After Times Square controversy, breastfeeding billboards come to Philly

Erin McCarthy, The Philadelphia Inquirer on

Published in Business News

PHILADELPHIA — Drivers near Callowhill Street in Philadelphia and on the Pennsylvania Turnpike north and northwest of the city can now see a billboard that was, for a time, deemed too controversial for Times Square in New York.

With pregnant belly out and breasts covered by her cookies, said to stimulate milk production, cookbook author Molly Baz poses with the words "Just Add Milk" in an advertisement for Swehl, a breast-feeding company that partnered with Baz on the recipe.

"It's incredible," said Elizabeth Myer, cofounder of the one-year-old start-up and a New Jersey native. Her family now lives in Philadelphia and has been texting her excitedly with images of the billboards.

Less than two weeks ago, the same image of Baz was removed by Clear Channel Outdoor, the operator of a Times Square billboard where the ad had been in the digital rotation for days.

The removal prompted swift backlash, with some, including Baz, saying it was a "double standard" that Times Square billboards often show racy lingerie ads yet censor images of pregnant women.

It also prompted companies like Keystone Outdoor Advertising, which owns dozens of billboards across the Philadelphia region, to offer free advertising, Myer said, "in support of our message empowering moms and women to walk through the world as they choose."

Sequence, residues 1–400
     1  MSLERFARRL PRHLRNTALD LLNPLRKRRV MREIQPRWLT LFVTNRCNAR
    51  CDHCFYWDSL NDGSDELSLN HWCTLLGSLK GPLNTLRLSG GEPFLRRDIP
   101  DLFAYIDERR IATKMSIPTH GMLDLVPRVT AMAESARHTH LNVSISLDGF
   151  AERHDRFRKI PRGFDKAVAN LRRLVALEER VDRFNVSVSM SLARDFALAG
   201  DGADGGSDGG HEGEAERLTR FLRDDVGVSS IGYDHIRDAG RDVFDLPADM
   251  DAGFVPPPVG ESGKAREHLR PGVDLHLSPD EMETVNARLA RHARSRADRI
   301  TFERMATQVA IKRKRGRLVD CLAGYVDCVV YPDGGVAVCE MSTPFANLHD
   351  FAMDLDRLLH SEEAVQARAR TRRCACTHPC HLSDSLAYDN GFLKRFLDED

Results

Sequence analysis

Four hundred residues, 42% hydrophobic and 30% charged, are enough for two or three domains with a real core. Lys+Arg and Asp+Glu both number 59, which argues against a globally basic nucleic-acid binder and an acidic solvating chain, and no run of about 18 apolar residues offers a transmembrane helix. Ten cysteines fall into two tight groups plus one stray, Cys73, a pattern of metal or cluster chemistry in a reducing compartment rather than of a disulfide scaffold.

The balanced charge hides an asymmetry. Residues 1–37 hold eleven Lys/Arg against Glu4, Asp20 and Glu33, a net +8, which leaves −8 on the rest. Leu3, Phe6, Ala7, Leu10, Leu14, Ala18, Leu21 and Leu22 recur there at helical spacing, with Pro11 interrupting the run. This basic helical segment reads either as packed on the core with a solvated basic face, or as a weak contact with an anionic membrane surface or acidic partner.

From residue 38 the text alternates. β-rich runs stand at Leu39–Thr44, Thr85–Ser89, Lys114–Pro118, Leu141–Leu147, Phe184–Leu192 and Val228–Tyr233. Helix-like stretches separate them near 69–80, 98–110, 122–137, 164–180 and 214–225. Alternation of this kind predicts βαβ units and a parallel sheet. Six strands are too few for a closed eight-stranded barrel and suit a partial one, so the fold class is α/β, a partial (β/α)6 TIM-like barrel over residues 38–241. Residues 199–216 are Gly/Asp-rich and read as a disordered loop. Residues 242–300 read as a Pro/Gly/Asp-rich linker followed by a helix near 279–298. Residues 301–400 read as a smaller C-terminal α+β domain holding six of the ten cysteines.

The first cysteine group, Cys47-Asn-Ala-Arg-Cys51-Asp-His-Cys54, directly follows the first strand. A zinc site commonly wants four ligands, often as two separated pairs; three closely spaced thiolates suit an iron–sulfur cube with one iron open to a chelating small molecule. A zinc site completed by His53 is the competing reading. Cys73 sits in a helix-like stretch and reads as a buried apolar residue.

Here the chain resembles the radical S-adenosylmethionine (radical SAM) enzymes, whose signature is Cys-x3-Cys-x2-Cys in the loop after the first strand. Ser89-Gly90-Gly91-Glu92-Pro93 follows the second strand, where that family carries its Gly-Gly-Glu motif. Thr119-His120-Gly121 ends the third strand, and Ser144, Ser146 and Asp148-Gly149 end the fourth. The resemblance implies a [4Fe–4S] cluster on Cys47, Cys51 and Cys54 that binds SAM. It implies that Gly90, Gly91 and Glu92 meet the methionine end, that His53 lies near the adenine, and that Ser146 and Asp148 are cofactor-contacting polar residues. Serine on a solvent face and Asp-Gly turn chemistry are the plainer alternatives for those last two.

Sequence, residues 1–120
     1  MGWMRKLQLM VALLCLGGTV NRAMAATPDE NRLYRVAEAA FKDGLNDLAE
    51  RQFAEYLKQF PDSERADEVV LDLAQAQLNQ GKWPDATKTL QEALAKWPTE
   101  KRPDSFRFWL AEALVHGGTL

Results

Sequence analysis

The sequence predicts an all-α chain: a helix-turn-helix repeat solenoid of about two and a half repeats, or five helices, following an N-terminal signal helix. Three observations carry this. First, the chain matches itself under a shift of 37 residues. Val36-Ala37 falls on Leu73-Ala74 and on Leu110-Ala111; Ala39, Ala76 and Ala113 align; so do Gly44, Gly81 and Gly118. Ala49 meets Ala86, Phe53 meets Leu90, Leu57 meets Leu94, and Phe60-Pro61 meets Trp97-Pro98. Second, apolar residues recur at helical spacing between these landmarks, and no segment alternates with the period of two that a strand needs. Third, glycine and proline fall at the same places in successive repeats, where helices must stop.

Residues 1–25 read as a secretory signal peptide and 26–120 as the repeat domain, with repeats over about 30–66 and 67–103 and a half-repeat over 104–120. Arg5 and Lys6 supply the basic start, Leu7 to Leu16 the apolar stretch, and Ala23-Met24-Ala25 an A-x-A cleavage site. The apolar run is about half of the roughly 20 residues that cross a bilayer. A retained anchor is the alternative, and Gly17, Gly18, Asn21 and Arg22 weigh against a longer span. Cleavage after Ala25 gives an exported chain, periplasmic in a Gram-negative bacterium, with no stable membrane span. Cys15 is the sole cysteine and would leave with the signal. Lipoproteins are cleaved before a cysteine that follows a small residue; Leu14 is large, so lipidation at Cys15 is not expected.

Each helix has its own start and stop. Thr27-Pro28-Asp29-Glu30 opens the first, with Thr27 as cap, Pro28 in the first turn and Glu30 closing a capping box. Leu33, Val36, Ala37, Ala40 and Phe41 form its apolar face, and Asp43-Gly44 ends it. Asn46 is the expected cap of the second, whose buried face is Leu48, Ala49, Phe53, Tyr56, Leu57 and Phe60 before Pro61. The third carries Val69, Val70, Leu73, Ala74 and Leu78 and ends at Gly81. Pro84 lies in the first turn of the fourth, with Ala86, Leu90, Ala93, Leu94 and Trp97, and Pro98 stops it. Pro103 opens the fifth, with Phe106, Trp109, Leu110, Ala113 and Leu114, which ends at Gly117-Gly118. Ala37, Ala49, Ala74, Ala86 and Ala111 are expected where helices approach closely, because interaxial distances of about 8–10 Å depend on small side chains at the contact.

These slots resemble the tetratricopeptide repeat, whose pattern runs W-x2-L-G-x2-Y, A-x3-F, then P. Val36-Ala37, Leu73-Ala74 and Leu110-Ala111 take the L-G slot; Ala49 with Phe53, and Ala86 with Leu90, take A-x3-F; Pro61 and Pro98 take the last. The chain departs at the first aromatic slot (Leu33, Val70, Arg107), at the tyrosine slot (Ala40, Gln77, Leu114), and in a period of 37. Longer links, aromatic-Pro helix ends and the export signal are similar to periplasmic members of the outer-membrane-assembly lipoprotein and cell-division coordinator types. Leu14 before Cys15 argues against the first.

The Cheltenham, Pennsylvania-based business is "mom-owned, and they were absolutely incensed by this," said Myer, who called the response an example of "moms supporting moms."


"As an organization, we didn't find the Swehl x Molly Baz to be provocative at all. Quite the opposite," said Monica McGrail, marketing manager for Keystone, where 70% of executives and employees are women. "Breast-feeding, lactation, and women's health content in general should be on everyone's mind."

Since Monday, the Swehl ads have been shown on three rotating digital billboards across the region.

One is near Fifth and Callowhill Streets in Philadelphia, visible to drivers and pedestrians near Northern Liberties, as well as motorists heading west on the Vine Street Expressway. Another faces the eastbound lanes of the Pennsylvania Turnpike in Plymouth Meeting, Pennsylvania, past Route 23, according to Myer and McGrail, and a third can be seen on the turnpike westbound in Lower Southampton, Pennsylvania, between the Route 1 and Route 611 exits.

Through the weekend, the ad will be on a constant loop with eight other advertisements at each of those locations, running for eight seconds at a time. Then for the next few weeks, Keystone will keep running the Swehl ads, free of charge, McGrail said, wherever they have unsold space.

Since the controversy, Swehl has also received free advertising in Los Angeles, where the company is based, and New York, where the probiotics company Seed has donated its Times Square billboard space for three weeks. Another company put the image on the side of a truck, Myer said, and drove it around New York for hours.

"It was a really nice happy ending, a cherry on top," Myer said of the support. "Everybody loves a David and Goliath story."

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